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Puerto Rico Nearing 'Humanitarian Crisis' After Hurricane Maria, Says Governor

Nearly all of Puerto Rico lost power after the hurricane, and residents continue to struggle in search of proper food and water.

(TNS) — As Puerto Rico begins to recover from the devastation left by Hurricane Maria, the island's governor is asking his fellow Americans for help.

"Puerto Rico, which is part of the United States, can turn into a humanitarian crisis," Gov. Ricardo A. Rossello said on Monday.

"To avoid that, recognize that we Puerto Ricans are American citizens; when we speak of a catastrophe, everyone must be treated equally."

On Friday night, the Federal Emergency Management Agency reported that Massachusetts sent members of the Urban Search and Rescue Task Force 1 alongside members of the New York Task Force 1 to assist in rescue missions on Puerto Rico and the U.S. Virgin Islands, which were also struck twice by back-to-back hurricanes over the past month.

Nearly all of Puerto Rico lost power after the hurricane, and residents continue to struggle in search of proper food and water. Approximately 80 percent of agriculture value was destroyed in the storm, reports the New York Times, striking an estimated $780 million blow in crop yields.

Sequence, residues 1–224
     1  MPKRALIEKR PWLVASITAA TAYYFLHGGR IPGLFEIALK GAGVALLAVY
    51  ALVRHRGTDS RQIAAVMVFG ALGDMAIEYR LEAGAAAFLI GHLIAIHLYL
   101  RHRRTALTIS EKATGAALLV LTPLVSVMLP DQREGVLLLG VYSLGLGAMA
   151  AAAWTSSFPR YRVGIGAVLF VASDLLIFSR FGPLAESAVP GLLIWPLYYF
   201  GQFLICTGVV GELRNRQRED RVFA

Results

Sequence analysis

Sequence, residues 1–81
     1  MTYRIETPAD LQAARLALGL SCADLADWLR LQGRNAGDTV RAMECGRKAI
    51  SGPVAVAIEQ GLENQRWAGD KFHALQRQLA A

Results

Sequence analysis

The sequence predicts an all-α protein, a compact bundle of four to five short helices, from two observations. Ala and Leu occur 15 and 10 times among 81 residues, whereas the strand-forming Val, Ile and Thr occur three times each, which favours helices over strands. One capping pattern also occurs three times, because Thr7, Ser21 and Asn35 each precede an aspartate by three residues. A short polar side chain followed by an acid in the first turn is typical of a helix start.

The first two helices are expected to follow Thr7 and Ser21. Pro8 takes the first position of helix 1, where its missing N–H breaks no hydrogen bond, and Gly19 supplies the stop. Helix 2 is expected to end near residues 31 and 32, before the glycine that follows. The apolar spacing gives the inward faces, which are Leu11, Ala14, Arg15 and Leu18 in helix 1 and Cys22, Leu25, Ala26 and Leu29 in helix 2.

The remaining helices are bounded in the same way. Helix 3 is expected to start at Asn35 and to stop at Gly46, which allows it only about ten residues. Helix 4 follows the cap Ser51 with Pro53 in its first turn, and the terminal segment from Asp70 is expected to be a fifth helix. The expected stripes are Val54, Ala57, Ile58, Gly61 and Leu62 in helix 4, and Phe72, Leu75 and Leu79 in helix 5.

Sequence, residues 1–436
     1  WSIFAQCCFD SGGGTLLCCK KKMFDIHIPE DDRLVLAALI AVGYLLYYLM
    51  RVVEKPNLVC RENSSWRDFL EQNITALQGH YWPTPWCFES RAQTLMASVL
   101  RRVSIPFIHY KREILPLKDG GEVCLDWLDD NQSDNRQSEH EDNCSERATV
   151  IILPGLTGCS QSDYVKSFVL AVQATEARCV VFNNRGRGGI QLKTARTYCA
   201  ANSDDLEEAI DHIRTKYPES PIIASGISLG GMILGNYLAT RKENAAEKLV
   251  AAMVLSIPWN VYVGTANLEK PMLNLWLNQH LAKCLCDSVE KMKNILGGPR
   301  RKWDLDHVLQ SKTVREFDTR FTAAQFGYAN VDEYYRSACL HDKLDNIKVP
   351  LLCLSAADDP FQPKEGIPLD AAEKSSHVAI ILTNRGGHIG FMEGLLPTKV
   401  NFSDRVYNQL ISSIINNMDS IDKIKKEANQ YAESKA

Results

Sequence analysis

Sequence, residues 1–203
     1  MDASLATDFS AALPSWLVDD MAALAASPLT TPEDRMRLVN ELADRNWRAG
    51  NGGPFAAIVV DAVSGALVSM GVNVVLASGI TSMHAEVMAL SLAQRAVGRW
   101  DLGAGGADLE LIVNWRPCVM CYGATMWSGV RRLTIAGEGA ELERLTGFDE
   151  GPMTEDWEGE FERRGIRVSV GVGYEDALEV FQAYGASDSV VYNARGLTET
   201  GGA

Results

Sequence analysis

Some have criticized the response by the federal government and President Donald Trump as less urgent compared to aid responses in Texas and Florida, following hurricanes there in the last month.

The White House has challenged those criticisms. On Monday, Press Secretary Sarah Huckabee Sanders referred to the federal response to Puerto Rico as "an unprecedented push through of billions of dollars in federal assistance." She said responders are currently focused on lifesaving efforts and are still in a "fact-finding process" to determine what funds are needed.

On Monday, President Donald Trump sent tweets referring to Puerto Rico's "massive debt ... owed to Wall Street and the banks," adding that "food, water and medical are top priorities."

Lawmakers are trying to draft a federal aid bill for Puerto Rico, which, despite housing American citizens, currently lacks any voting representation in the United States.

The Puerto Rican government has set up a donation page called "United for Puerto Rico," listing everyday items and construction materials most needed on the island.


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